From the Dec. 2009 Issue
What We Learned in 2009 and What’s in Store for the Future
In every profession and walk of life, there are those who identify trends and prepare for coming changes ahead of the masses. As a result, these forward thinkers enjoy the competitive advantages that come with recognizing future trends and the potential effects on their businesses. When it comes to technology implementation, early adopters are also quicker to realize the benefits delivered by those new technologies.
Determining which trends are simply fads and which offer true benefits to your firm is a major challenge faced by tax and accounting professionals. Over the past few years, major innovations have been presented to these professionals, and while some have approached these new options with skepticism, others have embraced the technologies.
WHAT WE SAW IN 2009, AND WHAT TO EXPECT FOR 2010
- Many new changes to tax law as a part of the February stimulus act, including
enhanced first-time home buyer credits, changes to Sec. 179 expense provisions,
and expanded bonus depreciation.
- Major new updates to tax and accounting programs, including redesigned
components of the Thomson Reuters CS Suite, the introduction of Intuit’s
new ProLine web-based professional tax compliance system, and the unveiling
of CCH’s Next Generation ProSystem fx Suite.
- Growth for some vendors, including BQE, which made acquisitions and expanded
it's offices in the U.S., Australia and the U.K. And the demise of the Microsoft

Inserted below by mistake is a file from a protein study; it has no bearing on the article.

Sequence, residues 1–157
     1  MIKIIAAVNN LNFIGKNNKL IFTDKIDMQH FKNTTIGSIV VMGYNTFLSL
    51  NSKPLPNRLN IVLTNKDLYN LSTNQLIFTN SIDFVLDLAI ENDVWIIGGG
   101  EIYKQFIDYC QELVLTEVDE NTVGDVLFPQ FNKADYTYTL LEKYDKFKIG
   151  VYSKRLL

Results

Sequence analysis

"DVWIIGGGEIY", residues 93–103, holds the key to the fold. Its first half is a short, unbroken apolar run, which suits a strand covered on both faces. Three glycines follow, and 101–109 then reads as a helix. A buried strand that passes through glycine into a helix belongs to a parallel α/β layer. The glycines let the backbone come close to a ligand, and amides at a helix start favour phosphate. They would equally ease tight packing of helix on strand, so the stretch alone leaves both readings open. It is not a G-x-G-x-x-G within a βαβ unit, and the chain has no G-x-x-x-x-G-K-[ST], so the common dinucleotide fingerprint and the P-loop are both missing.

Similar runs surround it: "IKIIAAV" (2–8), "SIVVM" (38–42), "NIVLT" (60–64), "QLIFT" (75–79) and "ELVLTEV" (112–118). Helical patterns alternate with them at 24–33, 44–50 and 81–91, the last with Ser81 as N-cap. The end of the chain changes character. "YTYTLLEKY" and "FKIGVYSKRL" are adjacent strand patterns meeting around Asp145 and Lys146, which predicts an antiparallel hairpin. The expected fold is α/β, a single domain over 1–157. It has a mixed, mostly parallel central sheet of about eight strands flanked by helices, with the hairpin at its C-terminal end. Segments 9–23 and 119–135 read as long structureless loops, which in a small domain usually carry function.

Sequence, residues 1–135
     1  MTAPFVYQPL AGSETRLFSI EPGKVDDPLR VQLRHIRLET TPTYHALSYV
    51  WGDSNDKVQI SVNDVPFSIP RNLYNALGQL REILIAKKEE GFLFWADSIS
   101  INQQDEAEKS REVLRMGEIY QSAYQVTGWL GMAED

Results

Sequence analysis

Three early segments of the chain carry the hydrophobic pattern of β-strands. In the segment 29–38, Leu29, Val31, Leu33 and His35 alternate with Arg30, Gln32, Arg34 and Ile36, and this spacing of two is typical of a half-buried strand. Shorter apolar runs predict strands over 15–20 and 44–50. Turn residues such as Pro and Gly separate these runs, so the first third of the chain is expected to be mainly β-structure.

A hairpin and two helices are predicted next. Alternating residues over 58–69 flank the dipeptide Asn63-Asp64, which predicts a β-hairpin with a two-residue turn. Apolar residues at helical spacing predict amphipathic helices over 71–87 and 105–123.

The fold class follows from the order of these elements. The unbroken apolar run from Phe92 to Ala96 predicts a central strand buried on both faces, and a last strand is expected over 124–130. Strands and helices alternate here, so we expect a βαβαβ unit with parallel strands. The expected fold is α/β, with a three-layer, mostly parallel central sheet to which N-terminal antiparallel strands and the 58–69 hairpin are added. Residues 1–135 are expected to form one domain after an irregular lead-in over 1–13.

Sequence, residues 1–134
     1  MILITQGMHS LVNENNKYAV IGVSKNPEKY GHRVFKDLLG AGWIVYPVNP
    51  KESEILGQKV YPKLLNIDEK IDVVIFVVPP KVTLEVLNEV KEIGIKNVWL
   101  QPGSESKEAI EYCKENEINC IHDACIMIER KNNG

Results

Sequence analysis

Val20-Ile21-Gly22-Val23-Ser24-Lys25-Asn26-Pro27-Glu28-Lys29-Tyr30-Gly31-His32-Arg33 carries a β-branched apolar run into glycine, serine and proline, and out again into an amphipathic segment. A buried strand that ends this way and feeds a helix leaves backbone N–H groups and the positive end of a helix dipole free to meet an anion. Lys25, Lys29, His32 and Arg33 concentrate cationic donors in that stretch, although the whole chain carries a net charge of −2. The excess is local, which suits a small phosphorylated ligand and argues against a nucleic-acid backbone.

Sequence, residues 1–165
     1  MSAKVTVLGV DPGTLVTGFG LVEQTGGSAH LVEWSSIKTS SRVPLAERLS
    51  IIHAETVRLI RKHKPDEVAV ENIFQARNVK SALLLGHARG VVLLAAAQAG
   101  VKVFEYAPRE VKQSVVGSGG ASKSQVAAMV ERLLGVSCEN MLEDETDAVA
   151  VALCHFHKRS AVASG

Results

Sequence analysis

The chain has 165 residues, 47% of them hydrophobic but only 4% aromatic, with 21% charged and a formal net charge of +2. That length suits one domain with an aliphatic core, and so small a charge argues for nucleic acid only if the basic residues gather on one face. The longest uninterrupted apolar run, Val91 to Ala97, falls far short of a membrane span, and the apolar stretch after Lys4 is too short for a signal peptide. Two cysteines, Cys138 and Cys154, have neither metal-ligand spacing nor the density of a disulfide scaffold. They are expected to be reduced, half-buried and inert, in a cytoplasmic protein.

Office Accounting system.
- Enactment of a bill that, starting in January 2011 (for TY 2010), will require e-filing for any preparer who "expects" to file 10 or more individual, estate and trust returns.
In addition to these specific tax law changes and the new and enhanced professional products, many more trends continued their course, including the movement toward web-based/SaaS professional applications, the popularity of client portals for collaboration and file transfer, the promise of cloud computing, and the increased adoption of technologies that optimize workflow in professional practices through streamlined management capabilities and OCR-empowered scanning utilities for organizing tax engagement documents and automated data entry into compliance systems.
Workflow optimization will continue to be the driving force in new technology development for many years to come because the concept involves virtually every aspect of professional client service and practice management. Simply put, workflow optimization is about working smarter, not harder, by implementing technologies that help users adapt to changing environments. The paperless movement was more than a precursor to the need for optimization; it was, at least in part, a cause for this need. As firms dramatically changed how they dealt with client information, it became necessary to find better methods of utilization and internal control.
Professional practices will also continue to move closer to a cloud computing reality. With increasing adoption of web-based services and programs, you are already doing so, even if you don’t recognize it as a progression toward the “cloud.” As an example, over the past 15 years, we’ve seen the transition of tax research move from book-based libraries, to CD libraries, to installed programs, to totally web-based. Most accountants are comfortable with that information not being "stored" in their office. Similarly, the past few years has seen increasing adoption of online data backup systems, with professionals trusting well-known vendors to securely store their sensitive client information.